“The Man in the High Castle” did nothing if not set a high water mark with its first season, which aired in full in November 2015. Not unlike the show’s fictional version of the Japanese empire, cracks have now become evident.
Despite its audacious and continued deviations from the source material, season one brought a convincing narrative with compelling characters. For the most part, season two of “High Castle” carries this onward. Cary-Hiroyuki Tagawa (“Planet of the Apes”) once again steals the show with his powerful depiction of Japanese Trade Minister Nobusuke Tagomi.
Rupert Evans (“Hellboy”) and Alexa Davalos (“Clash of the Titans”) return as Frank Frink and Julianna Crain, respectively. Both deliver great performances as each of their characters become increasingly entangled in the “resistance” movement.
Also praiseworthy is the production value of “High Castle.” Tagomi’s scenes in an alternate timeline are especially striking. The retro filtering used evokes a sense of ease, one so separate from the show’s almost constant tension. Those scenes stand out as some of the most introspective of the season.
Unfortunately, there are many spots in this season of “High Castle” that are less lustrous than the alternate timeline scenes. Take, for example, Joe Blake’s arc. Blake, played by Luke Kleintank (“Bones”), begins the season alive and on a boat, after being spared by Julianna Crain. He is also in possession of one of the oh-so-crucial films.
Blake then undergoes the first of several crises of conscience this season. He accidentally ends up murdering the entire crew of the boat he was on, including a man with bowling-ball eyes and a suitably hammed-up family story. At one point, Blake’s story seems to achieve a semblance of clarity when he resolves to begin anew a life of honest work. Sadly (for the viewers), Blake’s life is turned upside-down upon being summoned to Berlin by his father, who he apparently has never met.
In Berlin, Blake’s story takes a dreary turn for the worst. The writing staff of “High Castle” was under the impression that a hallucinogenic-fueled revelation about purpose and meaning was an original idea. Even if that was not so contrived, any convictions Blake developed seemed to evaporate towards the end of the season. In addition to these disappointments, the whole “Lebensborn” sidestory served no purpose in regard to the plot.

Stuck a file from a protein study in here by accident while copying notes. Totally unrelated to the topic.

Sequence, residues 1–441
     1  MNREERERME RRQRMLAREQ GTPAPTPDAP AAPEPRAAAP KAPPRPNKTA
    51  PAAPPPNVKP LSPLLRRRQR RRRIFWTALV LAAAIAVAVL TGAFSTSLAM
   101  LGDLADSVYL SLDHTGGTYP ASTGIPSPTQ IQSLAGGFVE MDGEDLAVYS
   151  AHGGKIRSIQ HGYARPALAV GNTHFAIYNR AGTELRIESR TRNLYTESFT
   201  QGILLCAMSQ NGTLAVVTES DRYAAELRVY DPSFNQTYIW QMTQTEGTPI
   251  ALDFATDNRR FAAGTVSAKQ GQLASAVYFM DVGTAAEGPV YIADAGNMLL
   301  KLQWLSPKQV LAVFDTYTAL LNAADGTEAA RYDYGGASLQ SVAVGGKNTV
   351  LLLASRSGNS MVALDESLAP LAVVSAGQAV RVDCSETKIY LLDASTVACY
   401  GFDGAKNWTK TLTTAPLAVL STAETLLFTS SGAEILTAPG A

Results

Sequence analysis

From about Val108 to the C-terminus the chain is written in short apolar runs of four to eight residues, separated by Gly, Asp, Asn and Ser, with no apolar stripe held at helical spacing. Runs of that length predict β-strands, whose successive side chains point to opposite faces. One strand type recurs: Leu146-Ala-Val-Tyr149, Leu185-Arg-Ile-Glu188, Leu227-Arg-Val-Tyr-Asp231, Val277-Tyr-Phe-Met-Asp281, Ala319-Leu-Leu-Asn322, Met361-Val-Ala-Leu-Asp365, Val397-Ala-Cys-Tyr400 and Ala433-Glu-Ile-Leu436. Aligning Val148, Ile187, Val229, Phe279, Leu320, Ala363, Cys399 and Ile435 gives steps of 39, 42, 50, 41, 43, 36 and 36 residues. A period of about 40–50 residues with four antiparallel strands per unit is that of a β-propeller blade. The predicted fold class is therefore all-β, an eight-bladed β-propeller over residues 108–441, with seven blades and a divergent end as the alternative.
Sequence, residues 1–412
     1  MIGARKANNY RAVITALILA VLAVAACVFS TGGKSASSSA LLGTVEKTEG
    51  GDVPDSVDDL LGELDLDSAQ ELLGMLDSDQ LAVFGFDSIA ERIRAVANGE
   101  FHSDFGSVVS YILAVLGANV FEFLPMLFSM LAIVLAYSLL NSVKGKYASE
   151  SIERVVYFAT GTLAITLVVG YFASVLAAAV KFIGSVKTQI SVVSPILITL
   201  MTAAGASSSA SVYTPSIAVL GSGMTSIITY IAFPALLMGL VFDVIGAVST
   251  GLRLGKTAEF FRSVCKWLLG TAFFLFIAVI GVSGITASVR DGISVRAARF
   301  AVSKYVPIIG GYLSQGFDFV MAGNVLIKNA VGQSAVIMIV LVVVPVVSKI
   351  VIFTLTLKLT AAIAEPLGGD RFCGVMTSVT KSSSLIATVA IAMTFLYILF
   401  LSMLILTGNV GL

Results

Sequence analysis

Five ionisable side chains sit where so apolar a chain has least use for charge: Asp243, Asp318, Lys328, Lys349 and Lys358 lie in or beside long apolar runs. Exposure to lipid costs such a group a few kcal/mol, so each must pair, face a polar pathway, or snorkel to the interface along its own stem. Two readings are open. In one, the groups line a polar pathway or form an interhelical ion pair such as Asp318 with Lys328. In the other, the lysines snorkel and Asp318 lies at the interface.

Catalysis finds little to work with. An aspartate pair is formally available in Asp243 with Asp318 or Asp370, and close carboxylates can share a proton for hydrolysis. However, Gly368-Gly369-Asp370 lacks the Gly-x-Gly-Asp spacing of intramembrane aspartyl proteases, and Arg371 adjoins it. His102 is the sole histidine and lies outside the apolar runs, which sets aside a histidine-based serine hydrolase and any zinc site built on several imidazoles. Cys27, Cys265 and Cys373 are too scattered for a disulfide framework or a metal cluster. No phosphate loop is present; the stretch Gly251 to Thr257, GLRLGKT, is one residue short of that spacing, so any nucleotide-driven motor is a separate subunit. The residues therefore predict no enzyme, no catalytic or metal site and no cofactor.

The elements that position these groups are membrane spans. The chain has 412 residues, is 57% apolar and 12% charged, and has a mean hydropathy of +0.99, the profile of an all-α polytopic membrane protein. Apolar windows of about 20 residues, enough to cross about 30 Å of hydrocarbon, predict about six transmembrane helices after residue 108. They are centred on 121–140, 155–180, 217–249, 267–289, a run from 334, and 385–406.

There could not have been a less meaningful character than the “Nicole” sidestory. Nicole Becker, played by Bella Heathcote (“Dark Shadows”) appears as a high-society Berliner who has a wild side. Her interactions with Blake are painful to watch. She meets him at a party, and the two show chemistry in the same way that an engine failing to start in the cold shows vitality.
In a similar vein, many threads in Julianna’s plot this season were hair-thin. The entire setup of the George Dixon reveal is done with such an air of drama that it seems like it could be an episode of “Maury.” Despite these dramatic flourishes, any emotional impact the writers supposed this scene would have is lost because Julianna’s sister Trudy was only a part of the show for mere minutes in the first episode of the first season. Then she died unceremoniously. Why exactly should viewers care about her so much?
Even the well-developed character of Frink is not immune to blunders this season. One-liners like “We bring the plague to Pharaoh” should have been left on the cutting room floor. Incidences like these flat lines, combined with the random novelty of the adventures of Ed and Childan, result in an overarching storyline that feels a bit too much at times.
Despite its weaknesses in the second season, the show still managed to be gripping and exciting. “High Castle” was renewed for a third season earlier this month, and hopefully it will live up to the standards of the first season.